Compliance News Roundup: Positive Airway Pressure

1. Signature HealthCARE to Pay More Than $30 Million to Resolve False Claims Act Allegations Related to Rehabilitation Therapy – “Signature HealthCARE, LLC (Signature), a Louisville, Kentucky based company that owns and operates approximately 115 skilled nursing facilities, including 7 in middle Tennessee, has agreed to resolve allegations that it violated the False Claims Act by knowingly submitting false claims to Medicare for rehabilitation therapy services that were not reasonable, necessary and skilled, the Department of Justice announced today. The settlement also resolves allegations that Signature submitted forged pre-admission certifications of patient need for skilled nursing to the state of Tennessee’s Medicaid program. Under the settlement agreements, Signature has agreed to pay more than $30 million. As part of the resolution, the State of Tennessee will receive a portion of the overall settlement.” Get the full scoop >>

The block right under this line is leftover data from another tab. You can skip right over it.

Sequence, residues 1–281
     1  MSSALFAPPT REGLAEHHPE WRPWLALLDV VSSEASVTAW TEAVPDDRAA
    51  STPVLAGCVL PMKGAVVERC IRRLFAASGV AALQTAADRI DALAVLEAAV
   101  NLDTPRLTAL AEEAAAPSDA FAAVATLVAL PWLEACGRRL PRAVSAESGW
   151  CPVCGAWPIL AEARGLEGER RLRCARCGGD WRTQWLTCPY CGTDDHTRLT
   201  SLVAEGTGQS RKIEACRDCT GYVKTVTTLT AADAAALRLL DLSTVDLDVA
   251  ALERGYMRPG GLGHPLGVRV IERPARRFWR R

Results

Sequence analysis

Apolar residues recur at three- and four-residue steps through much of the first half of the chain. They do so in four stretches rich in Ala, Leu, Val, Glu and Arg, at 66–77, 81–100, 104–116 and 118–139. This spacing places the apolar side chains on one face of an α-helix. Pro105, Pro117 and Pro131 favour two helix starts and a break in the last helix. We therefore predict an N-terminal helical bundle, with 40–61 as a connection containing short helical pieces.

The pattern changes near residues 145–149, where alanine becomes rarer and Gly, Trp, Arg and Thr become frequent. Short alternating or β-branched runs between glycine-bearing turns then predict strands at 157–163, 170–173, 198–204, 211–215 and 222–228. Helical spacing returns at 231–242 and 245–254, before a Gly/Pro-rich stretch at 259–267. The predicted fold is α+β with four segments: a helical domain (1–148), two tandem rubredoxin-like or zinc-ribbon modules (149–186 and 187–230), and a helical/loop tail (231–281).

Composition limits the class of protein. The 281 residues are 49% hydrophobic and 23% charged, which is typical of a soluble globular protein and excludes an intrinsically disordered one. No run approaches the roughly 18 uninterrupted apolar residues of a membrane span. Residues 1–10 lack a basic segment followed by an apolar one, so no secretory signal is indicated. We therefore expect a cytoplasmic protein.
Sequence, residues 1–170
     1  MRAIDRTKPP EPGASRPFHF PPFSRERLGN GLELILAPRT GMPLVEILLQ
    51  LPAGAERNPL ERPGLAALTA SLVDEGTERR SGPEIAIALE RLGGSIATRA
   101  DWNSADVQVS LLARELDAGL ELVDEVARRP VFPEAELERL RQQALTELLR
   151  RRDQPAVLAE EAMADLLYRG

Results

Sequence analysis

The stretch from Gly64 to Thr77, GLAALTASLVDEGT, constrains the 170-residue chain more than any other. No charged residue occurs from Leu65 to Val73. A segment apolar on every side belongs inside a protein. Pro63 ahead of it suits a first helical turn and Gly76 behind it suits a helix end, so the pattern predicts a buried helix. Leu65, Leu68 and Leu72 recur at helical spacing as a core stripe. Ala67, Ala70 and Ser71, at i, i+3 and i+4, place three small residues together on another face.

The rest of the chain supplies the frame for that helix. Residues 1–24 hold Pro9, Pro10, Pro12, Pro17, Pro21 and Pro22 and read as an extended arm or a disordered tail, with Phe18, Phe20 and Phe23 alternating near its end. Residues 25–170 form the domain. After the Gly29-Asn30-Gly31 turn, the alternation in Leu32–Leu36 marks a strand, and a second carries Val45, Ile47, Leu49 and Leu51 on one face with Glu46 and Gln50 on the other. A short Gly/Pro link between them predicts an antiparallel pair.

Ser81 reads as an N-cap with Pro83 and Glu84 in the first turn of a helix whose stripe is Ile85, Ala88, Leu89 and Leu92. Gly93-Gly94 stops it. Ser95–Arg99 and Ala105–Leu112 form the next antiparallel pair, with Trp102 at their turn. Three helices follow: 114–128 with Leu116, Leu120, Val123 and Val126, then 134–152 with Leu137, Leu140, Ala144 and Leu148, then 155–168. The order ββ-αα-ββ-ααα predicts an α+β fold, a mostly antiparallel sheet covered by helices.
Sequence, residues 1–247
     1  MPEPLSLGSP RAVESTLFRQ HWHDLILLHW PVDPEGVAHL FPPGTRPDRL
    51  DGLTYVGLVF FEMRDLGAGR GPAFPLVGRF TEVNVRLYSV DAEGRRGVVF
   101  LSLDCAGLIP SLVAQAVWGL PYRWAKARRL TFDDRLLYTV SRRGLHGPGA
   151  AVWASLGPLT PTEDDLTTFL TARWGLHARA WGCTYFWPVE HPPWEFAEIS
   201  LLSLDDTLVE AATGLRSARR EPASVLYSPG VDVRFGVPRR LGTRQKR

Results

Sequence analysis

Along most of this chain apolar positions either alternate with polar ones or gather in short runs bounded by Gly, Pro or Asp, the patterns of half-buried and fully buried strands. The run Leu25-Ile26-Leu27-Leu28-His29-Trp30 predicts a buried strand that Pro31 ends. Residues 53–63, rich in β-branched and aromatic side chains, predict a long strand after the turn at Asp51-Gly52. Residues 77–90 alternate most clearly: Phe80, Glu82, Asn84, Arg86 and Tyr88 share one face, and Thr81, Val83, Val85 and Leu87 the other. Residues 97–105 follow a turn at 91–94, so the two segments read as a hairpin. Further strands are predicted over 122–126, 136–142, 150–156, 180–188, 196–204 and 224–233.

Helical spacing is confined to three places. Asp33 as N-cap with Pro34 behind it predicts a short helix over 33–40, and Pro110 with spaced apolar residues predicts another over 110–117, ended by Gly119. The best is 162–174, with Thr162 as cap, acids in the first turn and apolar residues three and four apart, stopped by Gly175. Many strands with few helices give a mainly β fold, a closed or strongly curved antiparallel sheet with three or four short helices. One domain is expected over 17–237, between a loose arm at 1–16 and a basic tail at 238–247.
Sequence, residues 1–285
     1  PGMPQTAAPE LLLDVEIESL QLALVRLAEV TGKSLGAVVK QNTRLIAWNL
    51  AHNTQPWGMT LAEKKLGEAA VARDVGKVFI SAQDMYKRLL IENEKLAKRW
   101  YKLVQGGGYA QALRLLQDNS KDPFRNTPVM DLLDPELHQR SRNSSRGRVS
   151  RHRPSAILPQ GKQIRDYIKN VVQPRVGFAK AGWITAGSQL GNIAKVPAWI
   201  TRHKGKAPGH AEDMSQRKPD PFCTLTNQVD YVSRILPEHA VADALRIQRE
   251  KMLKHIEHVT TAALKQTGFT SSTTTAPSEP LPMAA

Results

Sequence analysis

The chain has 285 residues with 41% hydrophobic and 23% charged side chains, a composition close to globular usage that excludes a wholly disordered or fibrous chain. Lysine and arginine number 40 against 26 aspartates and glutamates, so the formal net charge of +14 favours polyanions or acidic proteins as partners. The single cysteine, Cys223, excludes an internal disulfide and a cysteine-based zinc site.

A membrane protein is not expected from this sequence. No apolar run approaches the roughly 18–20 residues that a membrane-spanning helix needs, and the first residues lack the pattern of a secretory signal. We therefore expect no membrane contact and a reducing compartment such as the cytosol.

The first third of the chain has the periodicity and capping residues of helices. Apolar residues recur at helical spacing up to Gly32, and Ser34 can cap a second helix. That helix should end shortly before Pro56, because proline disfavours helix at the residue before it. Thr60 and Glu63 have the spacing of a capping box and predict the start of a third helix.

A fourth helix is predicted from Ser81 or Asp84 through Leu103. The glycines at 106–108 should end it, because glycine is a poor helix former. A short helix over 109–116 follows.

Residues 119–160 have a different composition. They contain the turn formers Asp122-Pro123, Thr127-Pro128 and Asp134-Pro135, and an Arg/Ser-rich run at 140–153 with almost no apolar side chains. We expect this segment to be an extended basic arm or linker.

2. Allegiance Health Management to Pay More Than $1.7 Million to Resolve False Claims Act Allegations – “The Justice Department announced today that Allegiance Health Management, Inc., (Allegiance), a post-acute healthcare management company based in Shreveport, Louisiana, and four hospitals owned and operated by Allegiance (collectively, the Allegiance Defendants), have agreed to pay more than $1.7 million to resolve False Claims Act allegations that the Allegiance Defendants submitted, and caused other hospitals to submit, claims for reimbursement from Medicare for services that were not medically reasonable or necessary.” Get the full scoop >>

3. Deeper Than the Headlines: Positive Airway Pressure – “The OIG concluded most Medicare claims for replacement Positive Airway Pressure (PAP) device supplies did not comply with Medicare requirements. The report was posted on their website in June 2018. According to their report, previous OIG reviews found that Medicare allows replacement of positive airway pressure (PAP) device supplies more frequently than what is reasonable and necessary and that durable medical equipment (DME) suppliers often do not have the documentation required to support the need for replacement supplies. So, the OIG set about to determine whether Medicare claims that DME suppliers submitted for replacement PAP device supplies complied with Medicare requirements. Let’s dive into it, shall we? Get the full scoop >>

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